You must graduate from high school.
You must successfully complete all core courses.
You must have a minimum 2.000 GPA in core courses; and
You must have a minimum qualifying score on the ACT or SAT.
Military Bowl Presented By Northrup Grumman
Thursday, December 28th, 2017
Navy-Marine Corps. Stadium, Annapolis, MD
ESPN, 1:30 pm
Pitt vs. Navy
39. Pitt Panthers
Relative Strengths:Passing Game, Special Teams Relative Concerns:Pass Defense, Linebacker Why Are They Here?Will the Panthers ever stop a passing game? USC transfer Max Browne will keep the offense going, but against so many good ACC QBs, all that matters is the beleaguered secondary. 2016 Final Season Ranking:35 (8-5) 2016 CFN Preseason Ranking:32
This is the fifth of a longer POV series looking at the individual positions which need to be re-filled in 2017 and whether we will meet the PRODUCTION we had in those positions. We will not factor in true freshman at this point.
We have been blessed as a team to have had Ejuan Price at the defensive end position on our defense these last six years… that’s not a typo as two of those years were injury redshirts seasons. His constant and stalwart play masked some other problems we had on defense last season; mainly pressure on the QB from his fellow defenders.
Wait! you may say we had a ton of sacks and we sure did with 43 which was good for 6th nationally. But what is hidden there is that translates to only 8% of the times 592 times the opposing QBs dropped back to pass. As we know those same QBs ripped us apart on the other 92% of those pass plays.
So – as we know and are reminded all the time, stats can be deceiving. Here we see 43 sacks and think that is fantastic and it pretty much is, but is was the lack of constant pressure from the other DE position and the LBs that fell by the wayside… and helped to account for those 331 yards passing per game against us.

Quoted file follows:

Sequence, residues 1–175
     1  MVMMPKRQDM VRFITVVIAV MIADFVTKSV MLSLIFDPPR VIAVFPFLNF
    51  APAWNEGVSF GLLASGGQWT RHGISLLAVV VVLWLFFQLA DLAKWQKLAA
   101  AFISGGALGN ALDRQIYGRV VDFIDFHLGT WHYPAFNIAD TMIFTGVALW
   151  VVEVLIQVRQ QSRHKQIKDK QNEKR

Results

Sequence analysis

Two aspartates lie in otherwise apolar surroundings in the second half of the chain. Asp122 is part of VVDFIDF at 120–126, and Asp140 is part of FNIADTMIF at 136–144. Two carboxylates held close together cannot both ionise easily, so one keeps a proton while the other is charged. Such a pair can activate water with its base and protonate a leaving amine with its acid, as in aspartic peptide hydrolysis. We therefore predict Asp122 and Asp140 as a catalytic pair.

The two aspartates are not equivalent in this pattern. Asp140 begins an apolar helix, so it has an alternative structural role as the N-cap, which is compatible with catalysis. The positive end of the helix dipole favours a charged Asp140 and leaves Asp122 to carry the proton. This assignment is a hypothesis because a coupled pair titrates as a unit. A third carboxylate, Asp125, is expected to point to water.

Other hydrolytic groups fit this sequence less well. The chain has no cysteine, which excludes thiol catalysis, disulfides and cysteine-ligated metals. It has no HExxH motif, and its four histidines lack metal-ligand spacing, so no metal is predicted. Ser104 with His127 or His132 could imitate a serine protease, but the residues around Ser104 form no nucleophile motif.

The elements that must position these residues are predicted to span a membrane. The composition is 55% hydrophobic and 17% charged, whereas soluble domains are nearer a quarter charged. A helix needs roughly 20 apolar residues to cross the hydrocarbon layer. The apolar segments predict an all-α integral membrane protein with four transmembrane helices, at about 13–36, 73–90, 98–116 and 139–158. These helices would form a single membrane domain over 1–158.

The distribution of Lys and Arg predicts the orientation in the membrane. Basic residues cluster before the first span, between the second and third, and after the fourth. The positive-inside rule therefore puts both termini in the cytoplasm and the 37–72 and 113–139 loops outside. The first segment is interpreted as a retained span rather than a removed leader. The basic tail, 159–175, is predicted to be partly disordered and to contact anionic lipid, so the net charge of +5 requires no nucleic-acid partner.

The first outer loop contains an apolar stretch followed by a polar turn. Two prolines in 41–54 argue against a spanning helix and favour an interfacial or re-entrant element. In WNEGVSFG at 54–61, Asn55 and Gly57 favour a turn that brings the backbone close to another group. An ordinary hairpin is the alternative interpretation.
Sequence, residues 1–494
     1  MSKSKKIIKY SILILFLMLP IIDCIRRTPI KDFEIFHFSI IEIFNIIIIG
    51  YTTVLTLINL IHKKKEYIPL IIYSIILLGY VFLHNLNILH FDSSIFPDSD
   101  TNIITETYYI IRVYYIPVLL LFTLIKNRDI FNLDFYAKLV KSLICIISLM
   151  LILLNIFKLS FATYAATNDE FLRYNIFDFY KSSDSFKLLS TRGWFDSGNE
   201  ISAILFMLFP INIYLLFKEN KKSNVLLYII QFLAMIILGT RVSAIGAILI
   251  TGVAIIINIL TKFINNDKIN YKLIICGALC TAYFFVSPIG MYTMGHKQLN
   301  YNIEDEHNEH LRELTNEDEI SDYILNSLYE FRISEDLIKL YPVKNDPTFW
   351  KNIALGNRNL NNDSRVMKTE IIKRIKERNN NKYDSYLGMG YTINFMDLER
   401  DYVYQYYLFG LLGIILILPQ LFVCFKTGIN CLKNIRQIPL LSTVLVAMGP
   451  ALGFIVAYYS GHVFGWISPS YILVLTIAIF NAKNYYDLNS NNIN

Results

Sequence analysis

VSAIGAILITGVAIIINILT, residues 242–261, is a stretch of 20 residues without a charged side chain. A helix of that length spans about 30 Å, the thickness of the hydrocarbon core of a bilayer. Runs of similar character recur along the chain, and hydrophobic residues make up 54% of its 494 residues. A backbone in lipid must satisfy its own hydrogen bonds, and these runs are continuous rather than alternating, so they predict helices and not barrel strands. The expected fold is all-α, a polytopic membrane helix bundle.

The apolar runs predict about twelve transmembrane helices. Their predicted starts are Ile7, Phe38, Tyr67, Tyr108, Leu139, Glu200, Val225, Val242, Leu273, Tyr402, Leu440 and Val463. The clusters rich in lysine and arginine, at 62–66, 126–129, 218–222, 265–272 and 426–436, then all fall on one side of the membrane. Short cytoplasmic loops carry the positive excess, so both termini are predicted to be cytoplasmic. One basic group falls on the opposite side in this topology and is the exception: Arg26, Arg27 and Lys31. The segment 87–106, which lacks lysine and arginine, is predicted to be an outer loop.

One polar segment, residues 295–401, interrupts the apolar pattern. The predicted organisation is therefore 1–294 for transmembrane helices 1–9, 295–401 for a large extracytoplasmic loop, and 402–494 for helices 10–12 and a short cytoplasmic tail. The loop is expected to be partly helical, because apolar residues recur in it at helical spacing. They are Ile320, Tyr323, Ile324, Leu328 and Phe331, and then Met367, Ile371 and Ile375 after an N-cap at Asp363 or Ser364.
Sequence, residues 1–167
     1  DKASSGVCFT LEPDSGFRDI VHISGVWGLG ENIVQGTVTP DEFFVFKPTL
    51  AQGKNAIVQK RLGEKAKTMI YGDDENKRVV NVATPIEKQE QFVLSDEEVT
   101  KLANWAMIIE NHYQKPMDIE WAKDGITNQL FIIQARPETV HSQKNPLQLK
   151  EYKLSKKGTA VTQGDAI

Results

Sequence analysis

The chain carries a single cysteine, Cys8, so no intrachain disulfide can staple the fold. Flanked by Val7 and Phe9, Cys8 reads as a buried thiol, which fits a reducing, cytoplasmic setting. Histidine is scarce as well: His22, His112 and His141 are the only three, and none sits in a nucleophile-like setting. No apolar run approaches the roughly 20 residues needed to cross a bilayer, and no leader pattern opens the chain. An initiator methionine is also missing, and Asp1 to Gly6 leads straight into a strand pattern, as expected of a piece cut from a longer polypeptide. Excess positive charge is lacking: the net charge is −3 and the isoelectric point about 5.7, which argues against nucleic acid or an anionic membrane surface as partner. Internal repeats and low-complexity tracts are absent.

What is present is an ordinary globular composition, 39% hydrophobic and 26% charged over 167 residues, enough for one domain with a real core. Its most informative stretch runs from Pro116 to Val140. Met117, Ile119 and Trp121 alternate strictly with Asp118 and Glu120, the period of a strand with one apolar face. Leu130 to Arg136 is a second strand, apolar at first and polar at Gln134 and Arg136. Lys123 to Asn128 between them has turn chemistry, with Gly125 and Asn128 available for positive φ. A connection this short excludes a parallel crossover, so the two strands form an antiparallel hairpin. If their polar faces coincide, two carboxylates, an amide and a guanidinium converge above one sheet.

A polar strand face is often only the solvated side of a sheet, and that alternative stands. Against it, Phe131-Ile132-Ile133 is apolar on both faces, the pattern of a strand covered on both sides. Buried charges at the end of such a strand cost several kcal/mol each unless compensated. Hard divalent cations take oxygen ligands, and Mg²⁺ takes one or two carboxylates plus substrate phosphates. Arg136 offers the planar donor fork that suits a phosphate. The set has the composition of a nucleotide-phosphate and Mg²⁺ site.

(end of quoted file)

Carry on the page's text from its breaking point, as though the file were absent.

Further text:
But that is the heart and soul of a Narduzzi defense. Stop the run and put strong pressure on the quarterback.
That worked out pretty well in 2015; 2016 was a completely different story however as the other team’s passer had more than enough time to throw those intermediate and deep route completions for a substantial 12.4 ypc rate and 28 TDs. You may think 12.4 ypc given up isn’t so bad but let’s remember that it happened 350 times to our defense.
That is a recap of what happened. Here are who helped it to come about from the DE position. First, as mentioned, we had Price who was just plain fantastic from that spot. 13 sacks for losses of 92 yards and 23 tackles for loss (TFL) for a total 123 yards… ‘Nuff said. He was great for us.
Here are two quotes from that article – one is rather funny and the second is very serious. Here is the first:
What was the craziest thing a coach said to you?
“I don’t know if this is crazy or not, but it’s coach Harbaugh. He said that I looked just like Frank Gore. I still don’t know how I feel about that [laughter]. He said I looked like Frank Gore and I didn’t know what to say after he said that. It’s just that my friends had told me previously that I look like Frank Gore and I run like Frank Gore. When he told me that, I instantly told my friends ‘Yo, you won’t believe what he just told me.’”
Well, Gore is 5’9″ and 217 – Sibley is 5′ 10″ and 211 so there is a similarity there. let’s hope this is the case because with him and A. J. Davis I think we have a bright future at RB.